- “No refusal” DUI checkpoints spread and can result in mandatory blood tests for drivers; MADD cheers infringement of liberty [WTSP]
- Teleworking regulations: a new way to sue your (federal) boss? [welcome Mickey Kaus/Newsweek readers]
- “The federal government has been in the business of micro-managing our kids’ lunches for 30 years” [David Gratzer/Examiner] St. Paul, Minn. schools ban sweets, even when brought from home [Star-Tribune] Michelle Obama, Sarah Palin, and the Happy Meal lawsuit [John Steele Gordon, Commentary]
- Top ten insurance law decisions of 2010 [Randy Maniloff, Insurance Journal; also congrats on his new book (with Jeffrey Stempel)]
- “Mitch Daniels and Criminal Sentencing Reform in Indiana” [Orin Kerr] Daniels isn’t backing down from call for truce on social issues [GOP12]
- Happy 100th birthday, Ronald Coase [Gillespie, Reason]
- Damage to Gulf from spill now looks much less than feared [Robert Nelson, Weekly Standard]
- Saudi court decides that text message is valid method of divorce [Emirates 24/7]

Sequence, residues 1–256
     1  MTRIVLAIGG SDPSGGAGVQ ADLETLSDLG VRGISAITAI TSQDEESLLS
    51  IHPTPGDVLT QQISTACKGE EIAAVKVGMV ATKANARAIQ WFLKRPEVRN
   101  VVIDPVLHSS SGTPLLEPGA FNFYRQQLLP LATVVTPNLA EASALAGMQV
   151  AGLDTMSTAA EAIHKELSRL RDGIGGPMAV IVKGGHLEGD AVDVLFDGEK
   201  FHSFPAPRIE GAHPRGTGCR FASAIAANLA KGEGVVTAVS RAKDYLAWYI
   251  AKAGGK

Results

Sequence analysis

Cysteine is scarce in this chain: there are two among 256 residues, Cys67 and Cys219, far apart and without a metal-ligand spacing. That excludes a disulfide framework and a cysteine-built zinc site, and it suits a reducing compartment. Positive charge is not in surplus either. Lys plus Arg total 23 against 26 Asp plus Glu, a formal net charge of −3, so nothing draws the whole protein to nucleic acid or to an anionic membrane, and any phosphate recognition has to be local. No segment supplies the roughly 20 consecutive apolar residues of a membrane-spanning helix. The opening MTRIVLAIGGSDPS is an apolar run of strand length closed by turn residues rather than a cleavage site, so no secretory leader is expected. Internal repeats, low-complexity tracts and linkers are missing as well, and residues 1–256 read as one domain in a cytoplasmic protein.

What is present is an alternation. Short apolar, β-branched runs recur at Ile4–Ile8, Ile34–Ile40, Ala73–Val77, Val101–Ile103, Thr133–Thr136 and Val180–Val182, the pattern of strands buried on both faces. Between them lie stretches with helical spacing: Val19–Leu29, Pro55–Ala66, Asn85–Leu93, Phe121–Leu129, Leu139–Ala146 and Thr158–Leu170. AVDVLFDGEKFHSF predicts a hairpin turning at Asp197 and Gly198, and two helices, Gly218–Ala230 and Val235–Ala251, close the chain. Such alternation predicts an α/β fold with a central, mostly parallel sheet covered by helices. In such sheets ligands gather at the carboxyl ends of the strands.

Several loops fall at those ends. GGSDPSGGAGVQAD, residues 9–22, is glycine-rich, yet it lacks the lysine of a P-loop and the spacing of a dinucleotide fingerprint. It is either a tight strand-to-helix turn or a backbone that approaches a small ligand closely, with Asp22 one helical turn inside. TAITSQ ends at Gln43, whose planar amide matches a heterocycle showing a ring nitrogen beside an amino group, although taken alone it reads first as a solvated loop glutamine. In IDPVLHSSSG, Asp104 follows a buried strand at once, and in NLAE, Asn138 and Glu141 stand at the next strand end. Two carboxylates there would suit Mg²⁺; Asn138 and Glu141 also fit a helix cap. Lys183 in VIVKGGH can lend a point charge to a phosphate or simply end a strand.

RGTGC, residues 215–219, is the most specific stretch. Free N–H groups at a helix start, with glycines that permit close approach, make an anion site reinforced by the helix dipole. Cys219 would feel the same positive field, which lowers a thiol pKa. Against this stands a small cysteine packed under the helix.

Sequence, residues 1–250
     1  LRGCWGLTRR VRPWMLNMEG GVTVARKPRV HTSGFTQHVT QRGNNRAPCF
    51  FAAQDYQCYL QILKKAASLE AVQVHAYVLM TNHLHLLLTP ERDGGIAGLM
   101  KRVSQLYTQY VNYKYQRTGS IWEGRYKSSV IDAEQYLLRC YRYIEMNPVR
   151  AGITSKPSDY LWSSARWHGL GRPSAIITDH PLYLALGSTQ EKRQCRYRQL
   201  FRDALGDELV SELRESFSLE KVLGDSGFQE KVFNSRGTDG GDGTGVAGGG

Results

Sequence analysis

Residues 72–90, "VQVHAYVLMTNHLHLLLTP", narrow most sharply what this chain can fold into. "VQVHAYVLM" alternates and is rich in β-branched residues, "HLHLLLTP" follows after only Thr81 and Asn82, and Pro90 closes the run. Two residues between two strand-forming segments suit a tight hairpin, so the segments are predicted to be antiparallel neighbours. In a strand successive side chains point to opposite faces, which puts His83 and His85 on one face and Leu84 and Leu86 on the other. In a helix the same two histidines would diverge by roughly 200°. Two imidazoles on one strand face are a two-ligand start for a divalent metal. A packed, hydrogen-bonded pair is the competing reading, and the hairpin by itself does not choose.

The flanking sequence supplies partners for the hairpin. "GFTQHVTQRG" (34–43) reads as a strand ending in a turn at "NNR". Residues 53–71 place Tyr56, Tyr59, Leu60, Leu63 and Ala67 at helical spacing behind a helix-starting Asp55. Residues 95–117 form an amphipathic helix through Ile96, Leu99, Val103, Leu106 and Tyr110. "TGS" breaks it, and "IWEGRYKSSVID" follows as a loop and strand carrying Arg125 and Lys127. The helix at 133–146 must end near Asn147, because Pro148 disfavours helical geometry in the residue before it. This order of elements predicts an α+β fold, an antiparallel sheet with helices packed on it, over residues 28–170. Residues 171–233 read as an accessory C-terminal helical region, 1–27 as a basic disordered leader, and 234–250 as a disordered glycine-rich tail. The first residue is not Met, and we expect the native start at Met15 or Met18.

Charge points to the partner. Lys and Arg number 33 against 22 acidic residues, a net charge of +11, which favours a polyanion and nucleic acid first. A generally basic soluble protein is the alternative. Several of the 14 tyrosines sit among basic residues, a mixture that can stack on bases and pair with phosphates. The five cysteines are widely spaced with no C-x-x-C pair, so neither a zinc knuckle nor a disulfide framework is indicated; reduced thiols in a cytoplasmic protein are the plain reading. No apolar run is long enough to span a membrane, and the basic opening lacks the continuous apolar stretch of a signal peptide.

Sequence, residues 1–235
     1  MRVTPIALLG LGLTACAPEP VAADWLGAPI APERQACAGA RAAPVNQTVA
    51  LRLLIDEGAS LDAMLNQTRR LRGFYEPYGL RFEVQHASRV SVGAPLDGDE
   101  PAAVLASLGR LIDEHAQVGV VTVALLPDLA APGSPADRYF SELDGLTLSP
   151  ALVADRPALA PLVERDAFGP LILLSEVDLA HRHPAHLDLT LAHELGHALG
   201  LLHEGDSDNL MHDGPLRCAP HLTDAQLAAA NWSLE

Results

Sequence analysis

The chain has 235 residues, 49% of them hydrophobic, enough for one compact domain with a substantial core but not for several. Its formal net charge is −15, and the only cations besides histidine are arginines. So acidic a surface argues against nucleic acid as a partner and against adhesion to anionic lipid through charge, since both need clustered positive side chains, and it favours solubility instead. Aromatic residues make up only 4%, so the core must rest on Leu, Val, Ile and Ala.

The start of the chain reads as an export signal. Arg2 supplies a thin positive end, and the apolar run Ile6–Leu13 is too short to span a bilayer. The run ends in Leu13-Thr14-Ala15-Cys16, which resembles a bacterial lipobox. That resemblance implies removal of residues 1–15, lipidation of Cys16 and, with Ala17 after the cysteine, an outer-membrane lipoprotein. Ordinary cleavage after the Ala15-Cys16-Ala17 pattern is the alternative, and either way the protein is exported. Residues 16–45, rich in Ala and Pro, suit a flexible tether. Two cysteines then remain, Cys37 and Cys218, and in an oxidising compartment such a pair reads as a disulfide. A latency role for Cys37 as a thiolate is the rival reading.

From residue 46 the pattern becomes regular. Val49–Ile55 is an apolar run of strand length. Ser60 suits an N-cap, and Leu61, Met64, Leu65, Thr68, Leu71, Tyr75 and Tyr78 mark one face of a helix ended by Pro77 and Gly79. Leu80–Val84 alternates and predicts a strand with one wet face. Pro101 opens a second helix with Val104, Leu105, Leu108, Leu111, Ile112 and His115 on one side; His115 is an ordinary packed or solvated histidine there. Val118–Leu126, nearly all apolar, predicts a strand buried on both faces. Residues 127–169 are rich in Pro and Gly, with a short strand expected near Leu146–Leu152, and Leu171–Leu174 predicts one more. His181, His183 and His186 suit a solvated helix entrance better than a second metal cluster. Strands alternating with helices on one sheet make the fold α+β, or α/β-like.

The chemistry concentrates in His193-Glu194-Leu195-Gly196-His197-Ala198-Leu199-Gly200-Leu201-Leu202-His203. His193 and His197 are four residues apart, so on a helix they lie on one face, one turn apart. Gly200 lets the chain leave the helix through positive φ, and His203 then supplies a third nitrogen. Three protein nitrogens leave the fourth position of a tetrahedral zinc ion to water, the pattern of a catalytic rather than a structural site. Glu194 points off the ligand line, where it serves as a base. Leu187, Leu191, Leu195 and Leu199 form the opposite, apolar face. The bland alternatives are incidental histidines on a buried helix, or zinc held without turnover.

Not for the first time, the lawyers are getting involved: “Faizal A.Z. Yamani of the Jeddah-based legal firm A.Z. Yamani sent a letter to about a dozen newspaper editors, insisting that they print apologies in Danish, English, Arabic and French, and to undertake never to print the cartoon again. He also ordered all the cartoons to be removed from the internet in perpetuity.” [MWW]
CNN: “The lawsuit filed in Shariah court accuses the genie of leaving them threatening voicemails, stealing their cell phones and hurling rocks at them when they leave their house at night, said Al-Watan newspaper.” If they think the genie is harassing them now, wait till it gets a lawyer….
P.S. Above the Law: “The article doesn’t mention damages sought, but we hope it’s three wishes.” “Will the genie appear when summoned?” (@susanwake). “Good luck getting service. Is Robin Williams or Barbara Eden the registered agent?” (@JerseyTodd). And more details on the case from Lowering the Bar.